Lentivirus-induced lymphoproliferative disease. Comparative pathogenicity of phenotypically distinct ovine lentivirus strains

Michael Dale Lairmore, J. M. Poulson, T. A. Adducci, J. C. DeMartini

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For investigation of the pathogenicity of lentivirus strains, which have distinctly different cytopathic phenotypes in synovial membrane cell culture, plaque-purified, lytic, and nonlytic ovine lentivirus (OvLV) isolates were inoculated intratracheally into two groups of neonatal lambs. Twelve lambs were inoculated with a lytic OvLV isolate and 3 lambs each with two nonlytic OvLV isolates. Five control lambs were inoculated with either virus-free medium or were left uninoculated. In 8 of 12 lambs inoculated with a lytic OvLV isolate mild to severe lesion of lymphoid interstitial pneumonia (LIP) and pulmonary lymphoid hyperplasia developed, 6 of 12 lambs had lesions of pulmonary lymph node follicular hyperplasia, 3 of 9 female lambs had lesions of lymphoproliferative mastitis, 3 of 10 lambs had lesions of lymphocytic/plasmacytic synovitis, and 3 lambs had no lesions. In 3 of 6 lambs inoculated with nonlytic OvLV isolates only mild LIP lesions developed, without concurrent mammary gland or joint lesions. Bronchoalveolar lavage samples from OvLV-diseased lambs contained on average 1.5-fold more numbers of total leukocytes, and 4-fold more numbers of lymphocytes, compared with bronchoalveolar lavage samples of normal lambs. Monoclonal antibodies to ovine lymphocyte surface markers showed that the SBU-T8+ lymphocyte (CD 8 equivalent) was the predominant lymphocyte subset (mean of 65% of total lavaged lymphocytes) in bronchoalveolar lavage samples of 3 diseased lambs. Ovine lentivirus was reisolated from multiple tissues of both groups of OvLV-inoculated lambs, but the percentage of individual tissues infected was greater in lambs inoculated with the lytic viral isolate. Control lambs had no lesions and failed to produce OvLV-specific antibodies or yield OvLV from tissues. All OvLV-inoculated lambs produced either low or undetectable serum virus neutralizing antibodies. In contrast, lambs inoculated with either lytic or nonlytic OvLV produced precipitating antibodies to OvLV glycoprotein and group-specific protein. However, initial detection of precipitating antibodies to OvLV glycoprotein was earlier (mean, 5.8 weeks after inoculation) in OvLV-infected lambs in which severe lymphoproliferative disease developed and delayed (mean, 10.2 weeks after inoculation) in OvLV-infected lambs with mild or no lesions. Together, these results suggest that lentivirus isolates produced disease in a virus strain-dependent manner and suggest that humoral immune responses against OvLV failed to prevent lesion development in lentivirus-infected lambs. Pulmonary inoculation of neonatal lambs with a plaque-purified OvLV strain induced lymphoproliferative disease of the lung, mammary gland, and joints, suggesting that pathogenic lentivirus strains have multiple tissue tropisms and do not produce disease in a strictly organ-specific manner. The spectrum of pulmonary-associated lesions in lentivirus-inoculated lambs (lymphoid interstitial pneumonia, pulmonary lymphoid hyperplasia, and pulmonary lymph node follicular hyperplasia) were comparable to lymphoproliferative lung lesions reported in human immunodeficiency virus-infected children with acquired immunodeficiency syndrome.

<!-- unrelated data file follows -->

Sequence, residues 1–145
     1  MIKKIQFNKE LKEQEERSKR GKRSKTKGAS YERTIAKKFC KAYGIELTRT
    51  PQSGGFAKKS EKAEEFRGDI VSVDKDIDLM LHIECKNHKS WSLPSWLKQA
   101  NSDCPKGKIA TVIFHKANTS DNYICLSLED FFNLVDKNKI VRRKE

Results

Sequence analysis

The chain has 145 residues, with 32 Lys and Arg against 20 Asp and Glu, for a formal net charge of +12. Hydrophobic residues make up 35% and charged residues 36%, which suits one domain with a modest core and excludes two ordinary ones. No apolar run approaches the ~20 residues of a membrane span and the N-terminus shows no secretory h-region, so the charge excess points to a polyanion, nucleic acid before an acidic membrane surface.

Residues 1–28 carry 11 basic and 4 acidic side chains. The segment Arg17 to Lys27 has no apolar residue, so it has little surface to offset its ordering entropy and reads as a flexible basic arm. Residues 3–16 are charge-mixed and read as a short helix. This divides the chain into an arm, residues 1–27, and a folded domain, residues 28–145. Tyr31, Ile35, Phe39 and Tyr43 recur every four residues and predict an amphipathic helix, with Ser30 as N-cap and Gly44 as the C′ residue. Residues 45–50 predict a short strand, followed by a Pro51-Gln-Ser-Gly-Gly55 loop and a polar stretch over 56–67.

Original languageEnglish (US)
Pages (from-to)80-90
Number of pages11
JournalAmerican Journal of Pathology
Issue number1
StatePublished - 1988
Externally publishedYes

ASJC Scopus subject areas

  • Pathology and Forensic Medicine


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